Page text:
I currently refurbish computers as a side volunteering thing, and all refurbished computers go to charity. I will receive tax receipts for these donations. The thing is though, I am still <18 and making very low income on a part time job. My total annual income will be roughly $5K Canadian. I'm pretty sure this is under the income tax bracket, which makes me ineligible for income tax.

Does this nullify my tax receipts? I assume they work as a subtraction against your income tax, though I don't pay income tax so I'm confused...

1 Answer 1


You've correctly understood the way charitable donations work. They are non-refundable tax credits, which means they reduce your income tax bill if you pay any, but can't reduce it below zero. If you earn less than $11,138 (in 2014) you will pay no income tax.

However the good news is that charitable donations claims can be deferred for up to five years. This means that your best strategy is to hang on to those tax receipts, and assuming you start earning taxable income in the next five years, claim them then.

EDIT: I would expect that making the donation through one of your parents would work. Essentially you would be giving the computers to your parents, and they would give them to the charity. You would have to make sure the receipts were issued in your parents name. You would also have to make sure that the amounts involved were small enough that your parents didn't pay tax on the gift to them, but in the amounts you seem to be talking about that shouldn't be a problem.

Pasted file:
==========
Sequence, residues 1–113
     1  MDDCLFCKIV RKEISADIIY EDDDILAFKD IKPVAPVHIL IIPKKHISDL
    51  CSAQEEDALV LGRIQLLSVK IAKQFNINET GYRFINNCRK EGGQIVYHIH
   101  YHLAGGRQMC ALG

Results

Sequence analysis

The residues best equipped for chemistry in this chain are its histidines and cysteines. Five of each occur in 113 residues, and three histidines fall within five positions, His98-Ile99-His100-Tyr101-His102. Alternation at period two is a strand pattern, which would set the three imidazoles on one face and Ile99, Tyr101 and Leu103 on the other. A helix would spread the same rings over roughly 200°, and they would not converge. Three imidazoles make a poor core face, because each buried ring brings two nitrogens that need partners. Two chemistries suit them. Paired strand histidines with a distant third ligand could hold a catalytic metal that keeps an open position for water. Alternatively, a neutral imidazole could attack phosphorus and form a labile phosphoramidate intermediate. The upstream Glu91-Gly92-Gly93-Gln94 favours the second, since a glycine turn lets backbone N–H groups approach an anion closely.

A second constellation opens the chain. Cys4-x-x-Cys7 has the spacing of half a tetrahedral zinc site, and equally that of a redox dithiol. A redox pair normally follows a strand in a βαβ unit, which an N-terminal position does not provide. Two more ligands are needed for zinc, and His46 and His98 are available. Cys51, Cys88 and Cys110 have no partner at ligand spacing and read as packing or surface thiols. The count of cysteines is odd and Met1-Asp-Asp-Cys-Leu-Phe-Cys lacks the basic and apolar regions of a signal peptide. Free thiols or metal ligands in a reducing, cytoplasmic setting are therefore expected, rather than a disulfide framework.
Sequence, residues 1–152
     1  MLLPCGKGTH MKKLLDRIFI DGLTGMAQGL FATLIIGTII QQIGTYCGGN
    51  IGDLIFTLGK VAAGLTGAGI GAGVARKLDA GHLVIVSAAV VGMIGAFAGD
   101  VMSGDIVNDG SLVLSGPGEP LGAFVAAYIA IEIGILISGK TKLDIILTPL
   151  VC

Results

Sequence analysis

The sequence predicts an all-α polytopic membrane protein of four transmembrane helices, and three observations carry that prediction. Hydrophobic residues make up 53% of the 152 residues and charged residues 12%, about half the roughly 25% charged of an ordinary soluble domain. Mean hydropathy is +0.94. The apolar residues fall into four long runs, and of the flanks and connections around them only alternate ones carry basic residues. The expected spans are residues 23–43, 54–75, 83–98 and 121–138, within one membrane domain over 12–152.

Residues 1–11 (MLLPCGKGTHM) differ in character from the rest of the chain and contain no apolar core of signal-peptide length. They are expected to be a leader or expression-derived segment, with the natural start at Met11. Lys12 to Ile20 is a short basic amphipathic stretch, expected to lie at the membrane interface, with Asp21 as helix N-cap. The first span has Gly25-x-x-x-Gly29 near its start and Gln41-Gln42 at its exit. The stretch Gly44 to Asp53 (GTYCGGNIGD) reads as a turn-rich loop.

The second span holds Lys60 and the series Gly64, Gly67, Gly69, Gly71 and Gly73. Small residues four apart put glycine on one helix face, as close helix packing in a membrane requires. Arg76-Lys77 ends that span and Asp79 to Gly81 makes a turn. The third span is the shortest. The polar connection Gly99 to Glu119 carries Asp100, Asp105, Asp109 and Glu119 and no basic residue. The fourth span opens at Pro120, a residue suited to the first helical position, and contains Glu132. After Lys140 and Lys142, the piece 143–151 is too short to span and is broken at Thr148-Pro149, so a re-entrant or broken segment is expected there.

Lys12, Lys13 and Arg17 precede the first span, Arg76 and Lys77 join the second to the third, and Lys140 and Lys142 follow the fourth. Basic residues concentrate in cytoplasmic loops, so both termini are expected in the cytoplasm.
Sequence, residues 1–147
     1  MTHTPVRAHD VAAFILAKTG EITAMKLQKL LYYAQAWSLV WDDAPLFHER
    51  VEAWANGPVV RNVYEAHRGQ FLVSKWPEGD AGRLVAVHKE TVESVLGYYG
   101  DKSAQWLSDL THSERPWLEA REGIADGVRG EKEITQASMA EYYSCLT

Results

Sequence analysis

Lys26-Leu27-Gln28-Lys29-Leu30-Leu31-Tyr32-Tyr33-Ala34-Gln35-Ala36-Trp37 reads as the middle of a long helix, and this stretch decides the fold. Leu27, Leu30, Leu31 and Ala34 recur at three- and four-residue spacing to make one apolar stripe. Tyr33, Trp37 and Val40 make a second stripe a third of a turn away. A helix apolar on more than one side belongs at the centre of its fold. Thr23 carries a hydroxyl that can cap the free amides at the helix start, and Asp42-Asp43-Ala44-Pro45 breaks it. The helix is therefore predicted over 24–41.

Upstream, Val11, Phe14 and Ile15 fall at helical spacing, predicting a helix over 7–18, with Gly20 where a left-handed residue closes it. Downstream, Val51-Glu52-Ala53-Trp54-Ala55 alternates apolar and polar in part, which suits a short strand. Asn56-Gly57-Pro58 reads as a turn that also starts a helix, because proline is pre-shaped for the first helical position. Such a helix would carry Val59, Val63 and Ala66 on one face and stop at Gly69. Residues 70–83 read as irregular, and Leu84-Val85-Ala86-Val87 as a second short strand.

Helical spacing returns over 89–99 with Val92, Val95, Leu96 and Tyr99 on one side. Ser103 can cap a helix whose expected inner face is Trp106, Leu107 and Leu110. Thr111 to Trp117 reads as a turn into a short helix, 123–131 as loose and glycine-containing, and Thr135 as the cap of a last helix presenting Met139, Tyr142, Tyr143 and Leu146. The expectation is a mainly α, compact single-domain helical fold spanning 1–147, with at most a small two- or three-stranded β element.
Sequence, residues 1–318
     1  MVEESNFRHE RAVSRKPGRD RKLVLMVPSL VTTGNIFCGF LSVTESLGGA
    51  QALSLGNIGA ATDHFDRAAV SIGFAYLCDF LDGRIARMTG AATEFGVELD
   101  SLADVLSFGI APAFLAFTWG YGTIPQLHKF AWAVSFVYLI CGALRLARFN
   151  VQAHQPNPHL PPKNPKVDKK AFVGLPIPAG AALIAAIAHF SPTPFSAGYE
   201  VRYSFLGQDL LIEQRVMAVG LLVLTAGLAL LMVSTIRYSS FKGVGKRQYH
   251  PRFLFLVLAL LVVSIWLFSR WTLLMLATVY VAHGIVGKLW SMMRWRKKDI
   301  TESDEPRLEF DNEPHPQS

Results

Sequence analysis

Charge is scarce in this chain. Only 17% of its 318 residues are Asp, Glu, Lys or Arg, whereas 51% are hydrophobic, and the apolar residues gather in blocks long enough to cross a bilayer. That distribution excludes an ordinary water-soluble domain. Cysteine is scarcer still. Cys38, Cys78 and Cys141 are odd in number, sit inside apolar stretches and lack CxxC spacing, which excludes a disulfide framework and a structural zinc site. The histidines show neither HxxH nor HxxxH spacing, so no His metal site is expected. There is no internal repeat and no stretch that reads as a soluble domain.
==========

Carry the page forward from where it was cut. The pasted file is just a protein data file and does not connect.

• Thanks for the super helpful answer! One quick questions, would it be possible to claim the reciepts under another name, or does it have to be my own? Another idea would be to just give them to one of my parents and have them claim it and give me the $. I'm just worried that with me doing school for the next 6 years I might not make much more than 11k/year during that time!
    – Nathan
    Aug 20, 2014 at 12:25
  • 1
    @Nathan It's best to ask a separate question for follow-up. Just use "Ask Question" again and someone will answer. Also if this answered what you want, please 'accept' the answer by clicking the 'tick mark' on the left of it. Aug 20, 2014 at 13:23

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